See our recent features on Songshan Lake and our Dongguan overview.
Read more on its population plans (in Chinese).
is opening its legal system to input from the business community. Sort of.
city’s Bureau of Justice held a symposium last week, together with the
Municipal Development and Reform Commission, focused on drafting new
legislation that would improve – “optimize” is the official, beloved word – Shenzhen’s
business environment. Corporate leaders from fields as diverse as finance,
foreign trade, science and technology, security, power supply, gas, and consulting
attended. The Chamber of Commerce was there.
Continue reading Shenzhen seeks business input on laws
A much-anticipated plan to launch more cross-border trading of insurance products has been put on hold because of the Hong Kong protests, it seems. In an announcement that makes no apparent commercial sense, Hong Kong Insurance Authority chairman, Moses Cheng Mo-chi, said yesterday that economic conditions were not favorable and discussions between Hong Kong industry representatives and their mainland counterparts had been put on hold. As quoted by SCMP:
“The talks about setting up an insurance connect scheme will definitely be delayed as a result of the challenges of international business operating environment as a result of the ongoing US-China trade war. It would be hard to launch a new connect scheme under the current economic situation.”
Continue reading ‘Insurance Connect’ scheme on hold
Yesterday the Shenzhen Evening News had a long article extolling the virtues of the Futian district as the city’s financial heart. The main thrust of the piece is preceded by accounts of what the political leadership has been up to recently, including that Party Secretary Wang Weizhong met on August 29 with Yi Gang, head of the central bank, in Shenzhen. They discussed what any two cadres with their fingers on the pulse of international finance would: Internationalization of the renminbi, digital currency research, green finance, etc. They decided to, first and foremost, continue to deepen financial reform and opening up, realize the high-quality development of Shenzhen’s financial industry, and fully promote the implementation of the major decision-making arrangements of the Party Central Committee.
Continue reading Coming up: Shenzhen’s new fintech trick
The American Chamber of Commerce has released a thoughtful, in-depth position paper on the situation in Hong Kong, which it has presented for CE Carrie Lam’s consideration, ahead of her Policy Speech, scheduled for next month.
At 16 pages, in small type, it’s not a quick read. Nevertheless, its detail is impressive, with concrete, specific recommendations across many sectors of the economy and society.
Continue reading Amcham weighs in on Hong Kong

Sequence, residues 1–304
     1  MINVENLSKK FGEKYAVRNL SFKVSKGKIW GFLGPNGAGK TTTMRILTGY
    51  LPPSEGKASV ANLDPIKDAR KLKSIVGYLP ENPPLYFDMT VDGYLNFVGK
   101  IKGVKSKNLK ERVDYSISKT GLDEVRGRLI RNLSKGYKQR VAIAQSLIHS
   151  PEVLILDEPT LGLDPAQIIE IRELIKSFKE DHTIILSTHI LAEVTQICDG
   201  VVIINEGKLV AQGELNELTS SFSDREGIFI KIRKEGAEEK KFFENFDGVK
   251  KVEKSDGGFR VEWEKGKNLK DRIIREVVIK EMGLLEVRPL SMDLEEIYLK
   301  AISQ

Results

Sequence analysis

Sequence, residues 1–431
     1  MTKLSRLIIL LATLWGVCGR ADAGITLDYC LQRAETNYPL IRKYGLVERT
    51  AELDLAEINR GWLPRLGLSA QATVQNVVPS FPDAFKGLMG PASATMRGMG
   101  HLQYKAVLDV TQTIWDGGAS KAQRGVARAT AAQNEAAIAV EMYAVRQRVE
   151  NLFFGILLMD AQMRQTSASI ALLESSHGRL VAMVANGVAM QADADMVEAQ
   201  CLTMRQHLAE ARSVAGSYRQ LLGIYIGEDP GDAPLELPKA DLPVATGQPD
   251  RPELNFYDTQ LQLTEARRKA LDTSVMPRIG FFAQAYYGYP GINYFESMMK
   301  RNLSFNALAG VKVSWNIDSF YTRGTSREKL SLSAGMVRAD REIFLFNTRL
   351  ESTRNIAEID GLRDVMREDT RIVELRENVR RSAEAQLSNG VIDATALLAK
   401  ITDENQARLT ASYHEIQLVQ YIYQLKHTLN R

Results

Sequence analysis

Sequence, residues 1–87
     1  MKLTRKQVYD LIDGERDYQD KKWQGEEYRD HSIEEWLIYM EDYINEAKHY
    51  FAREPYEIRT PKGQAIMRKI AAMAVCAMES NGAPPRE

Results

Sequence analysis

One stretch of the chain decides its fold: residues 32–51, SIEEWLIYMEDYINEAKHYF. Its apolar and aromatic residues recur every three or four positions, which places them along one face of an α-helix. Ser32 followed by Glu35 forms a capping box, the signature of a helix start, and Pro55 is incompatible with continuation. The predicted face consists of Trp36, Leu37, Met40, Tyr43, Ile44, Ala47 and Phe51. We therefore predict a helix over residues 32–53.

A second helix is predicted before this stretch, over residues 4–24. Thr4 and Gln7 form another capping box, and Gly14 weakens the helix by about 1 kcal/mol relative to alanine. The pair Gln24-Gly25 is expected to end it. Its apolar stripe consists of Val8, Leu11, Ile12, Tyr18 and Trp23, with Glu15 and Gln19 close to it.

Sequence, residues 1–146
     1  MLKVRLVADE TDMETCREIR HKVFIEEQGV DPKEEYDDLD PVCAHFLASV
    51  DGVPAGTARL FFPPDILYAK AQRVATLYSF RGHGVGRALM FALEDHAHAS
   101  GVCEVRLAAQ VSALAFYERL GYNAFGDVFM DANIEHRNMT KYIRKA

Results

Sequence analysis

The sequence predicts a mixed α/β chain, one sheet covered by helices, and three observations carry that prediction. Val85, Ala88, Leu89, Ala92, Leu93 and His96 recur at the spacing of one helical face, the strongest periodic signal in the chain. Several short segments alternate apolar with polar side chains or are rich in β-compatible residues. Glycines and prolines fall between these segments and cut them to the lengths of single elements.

Guangdong Governor Ma Xingrui has a thoughtful piece in the China Daily HK edition. He says, in the style expected of a governor, that the Greater Bay Area is Guangdong’s future and, therefore, it is his No. 1 priority. He will spare some time to help with the Belt and Road Initiative, but GBA is his daily devotion, it seems.
Interestingly, he explicitly ties the GBA to the province’s Reform and Opening agenda. “In the new era, construction of the Greater Bay Area is the guiding principle for Guangdong’s further reform and opening-up,” he was quoted as saying. So it’s not just about unity and harmony and providing jobs to restless Hong Kong youths, it seems. Good to know.
Moreover, he lays out some specifics of what he is working on in terms of expediting cross-border integration with Hong Kong: “… integration of rules in education, trade, flow of talent, logistics, financing and information.” We will have to see what the schoolkids of Hong Kong have to say about that.
The article goes on to quote some really interesting stats to show what a region of boffins this is: “The State Council Information Office said R&D expenditure in Guangdong exceeded 250 billion yuan last year, ranking first in China and accounting for 2.65 percent of the country’s GDP. Guangdong ranked first in regional innovation capability in both 2017 and last year. The number of patent applications and grants reached 793,800 and 478,400 respectively.”
Shenzhen has decided to raise its basic monthly living allowance, from RMB1,070 to RMB1,160. This will put the city on par with Shanghai, and is retroactive to the start of this year.
To be clear, this is not a minimum wage. While the hipsters of Silicon Valley continue to push the idea of a Universal Basic Income stipend, and at least one US presidential candidate (Andrew Yang) has built his campaign on it, China has been doing it for many years already. It is known as a “minimum living guarantee” (our translation). It is different from the “social assistance standard” for “low-income residents”, which was raised to RMB1,740, and is far less than the “basic living allowance” for “people in extreme poverty”, which was raised to RMB1,856.
This is a concept whose time has not yet come in the West. But one has to wonder, as the central government considers Chinese-style solutions to problems in its Chinese-Western city of Hong Kong, whether a “minimum living guarantee” is on the table for discussion.
Read more in Chinese.